The best advice for outbound calls is to know what you are talking about inside and out. If there is any hesitation at all then chances are you won’t get the gig.
The more likable and energetic you are the better the chances you will succeed.
The last tip is to tell the reporter something unusual or unexpected. This will almost always help you stick out and break through the clutter.
Best Practice: When you are on the phone with the reporter, always be definite. If you are on the fence about anything at all then it will not work in your favor. The more clear, concise and knowledgeable you are, the better your chances are. Oh, and don’t forget the fun factor.
The Inbound Work
We all know relationship building is important online and offline. This means treating reporters like royalty, being adaptable to anything thrown at you from them, and always going above and beyond. I like to send thank you notes with a Starbucks or Amazon gift card to anyone that writes a story about my clients.
LinkedIn is a goldmine for journalists. When you connect with journalists on LinkedIn you want to be sure you send them a personal message. This does not mean send the same message to all your journalist connections across the board. Want to understand how journalists use LinkedIn? Here is a great resource: Understanding Journalists On LinkedIn.
Best Practice: Have an optimized profile and be very active in journalist groups. They will start seeing who you are and what you do. Then when they look at your profile make sure you have all your contact information, they should not have to search for this.
You want to follow all the right journalists on Twitter. Here is a compiled list of journalists to follow: Journalists on Twitter and MuckRack Directory. Then retweet and share their stuff like crazy. Also @mention them any chance you get. They will start to notice you. I’ve made four different lists in my twitter accounts for journalists so everything is one place.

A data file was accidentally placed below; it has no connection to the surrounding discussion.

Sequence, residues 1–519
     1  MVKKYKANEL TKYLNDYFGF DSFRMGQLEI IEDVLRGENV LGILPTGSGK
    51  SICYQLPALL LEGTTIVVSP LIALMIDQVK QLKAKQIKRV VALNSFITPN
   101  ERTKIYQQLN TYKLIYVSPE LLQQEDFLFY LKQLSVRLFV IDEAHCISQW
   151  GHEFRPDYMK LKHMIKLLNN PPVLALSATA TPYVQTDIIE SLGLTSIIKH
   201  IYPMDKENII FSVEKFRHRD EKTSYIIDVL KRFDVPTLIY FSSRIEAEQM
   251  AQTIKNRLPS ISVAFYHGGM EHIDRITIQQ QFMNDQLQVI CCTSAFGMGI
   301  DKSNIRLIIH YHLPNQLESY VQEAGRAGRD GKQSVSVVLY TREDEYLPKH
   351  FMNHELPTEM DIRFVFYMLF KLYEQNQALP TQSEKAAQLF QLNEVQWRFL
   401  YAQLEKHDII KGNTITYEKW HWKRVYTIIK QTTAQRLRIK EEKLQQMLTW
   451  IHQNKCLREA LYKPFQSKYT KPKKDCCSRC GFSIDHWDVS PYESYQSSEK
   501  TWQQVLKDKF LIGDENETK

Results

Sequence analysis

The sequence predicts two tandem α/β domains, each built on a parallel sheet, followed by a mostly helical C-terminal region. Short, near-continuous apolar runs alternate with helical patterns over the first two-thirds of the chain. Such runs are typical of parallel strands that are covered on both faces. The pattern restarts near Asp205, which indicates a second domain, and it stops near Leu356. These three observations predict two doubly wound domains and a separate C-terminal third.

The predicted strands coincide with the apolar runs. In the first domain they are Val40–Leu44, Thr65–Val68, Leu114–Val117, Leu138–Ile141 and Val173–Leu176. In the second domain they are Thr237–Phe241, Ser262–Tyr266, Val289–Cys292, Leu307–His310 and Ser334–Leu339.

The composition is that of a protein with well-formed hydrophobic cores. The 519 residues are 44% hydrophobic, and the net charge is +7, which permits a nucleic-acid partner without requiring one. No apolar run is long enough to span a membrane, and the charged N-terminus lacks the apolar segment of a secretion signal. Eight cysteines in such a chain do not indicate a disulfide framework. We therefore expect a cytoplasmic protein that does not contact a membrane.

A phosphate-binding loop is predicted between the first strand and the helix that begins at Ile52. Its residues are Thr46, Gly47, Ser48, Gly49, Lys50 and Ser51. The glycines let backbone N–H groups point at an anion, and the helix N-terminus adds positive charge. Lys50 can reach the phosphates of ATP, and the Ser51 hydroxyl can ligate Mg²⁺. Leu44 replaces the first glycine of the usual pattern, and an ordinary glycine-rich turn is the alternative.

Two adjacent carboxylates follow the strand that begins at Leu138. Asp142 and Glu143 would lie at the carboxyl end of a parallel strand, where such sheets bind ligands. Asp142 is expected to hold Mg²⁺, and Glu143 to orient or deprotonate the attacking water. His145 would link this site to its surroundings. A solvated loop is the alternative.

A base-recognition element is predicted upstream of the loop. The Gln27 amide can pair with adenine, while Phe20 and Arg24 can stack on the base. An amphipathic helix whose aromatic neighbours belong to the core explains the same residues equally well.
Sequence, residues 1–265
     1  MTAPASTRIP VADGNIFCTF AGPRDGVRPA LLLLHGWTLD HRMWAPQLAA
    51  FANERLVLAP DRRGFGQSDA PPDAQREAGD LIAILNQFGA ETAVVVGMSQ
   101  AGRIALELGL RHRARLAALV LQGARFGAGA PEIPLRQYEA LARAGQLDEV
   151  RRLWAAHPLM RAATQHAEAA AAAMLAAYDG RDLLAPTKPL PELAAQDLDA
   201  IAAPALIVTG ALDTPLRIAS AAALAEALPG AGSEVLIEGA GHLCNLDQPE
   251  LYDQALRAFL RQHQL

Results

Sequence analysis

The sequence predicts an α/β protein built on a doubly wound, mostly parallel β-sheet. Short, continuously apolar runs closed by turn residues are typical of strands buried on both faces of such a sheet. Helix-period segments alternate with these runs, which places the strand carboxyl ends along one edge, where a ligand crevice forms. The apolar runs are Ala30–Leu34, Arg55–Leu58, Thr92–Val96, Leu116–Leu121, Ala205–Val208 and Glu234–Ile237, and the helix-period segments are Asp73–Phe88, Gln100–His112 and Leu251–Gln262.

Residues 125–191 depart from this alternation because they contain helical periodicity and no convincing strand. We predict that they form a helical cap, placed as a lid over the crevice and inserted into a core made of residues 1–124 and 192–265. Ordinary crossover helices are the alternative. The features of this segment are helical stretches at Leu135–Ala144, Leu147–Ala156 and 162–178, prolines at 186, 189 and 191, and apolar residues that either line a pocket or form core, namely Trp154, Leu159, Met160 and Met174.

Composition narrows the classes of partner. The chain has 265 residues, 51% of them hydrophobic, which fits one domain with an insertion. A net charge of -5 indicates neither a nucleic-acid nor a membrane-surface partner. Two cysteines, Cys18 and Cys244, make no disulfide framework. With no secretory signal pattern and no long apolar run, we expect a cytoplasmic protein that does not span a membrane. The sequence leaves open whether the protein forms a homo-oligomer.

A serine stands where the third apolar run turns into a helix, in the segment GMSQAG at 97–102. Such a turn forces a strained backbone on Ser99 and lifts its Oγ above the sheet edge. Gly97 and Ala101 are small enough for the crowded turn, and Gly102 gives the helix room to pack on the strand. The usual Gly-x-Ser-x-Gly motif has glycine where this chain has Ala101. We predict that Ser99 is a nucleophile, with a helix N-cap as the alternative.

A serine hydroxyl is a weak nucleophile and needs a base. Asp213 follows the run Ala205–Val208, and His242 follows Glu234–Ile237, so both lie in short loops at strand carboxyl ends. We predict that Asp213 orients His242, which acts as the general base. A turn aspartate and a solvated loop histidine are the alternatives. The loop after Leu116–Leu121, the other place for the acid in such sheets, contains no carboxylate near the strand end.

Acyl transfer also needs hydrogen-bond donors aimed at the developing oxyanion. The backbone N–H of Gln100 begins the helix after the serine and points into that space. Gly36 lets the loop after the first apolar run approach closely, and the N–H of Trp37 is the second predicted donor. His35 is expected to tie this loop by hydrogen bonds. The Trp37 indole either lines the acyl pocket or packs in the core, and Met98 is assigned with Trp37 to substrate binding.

If you are trying to go local then LocalTweeps is a great resource for you.
In order to really find a journalist who can help you with your needs, you must understand them. Facebook has developed a hub just for this: Facebook for Journalists. We can also subscribe to them and follow them on Facebook.
The best way to catch the attention of a journalist is through interaction. What does this mean? It means you have to “like” the publication page and the journalist page, start commenting, and “share” their stories.
Best Practice: Reciprocity is powerful. When you share their stuff five times or more, then the next best thing to do would be to include them in your content sources. Why not create a landing page that showcases all your other press releases and stories?
This is the best part and the part where most people fail. Create a spreadsheet that has these columns: Links, Lead Generation, Referral Traffic and Social Shares.
Pay attention to the organic search traffic and the referral traffic. In terms of the leads, just ask them how they found out about you or use a form on your website that asks them: “Where did you hear about us?”
Best Practice: Keep track of these four metrics and always tweak them for better results. I tend to start local and work national after I’ve refined the campaign several times.
Enjoy your DIY public relations journey. It is not half as bad as you think it is.
Sweta Patel is a San Diego-based marketing entrepreneur whose company is Global Marketing Tactics.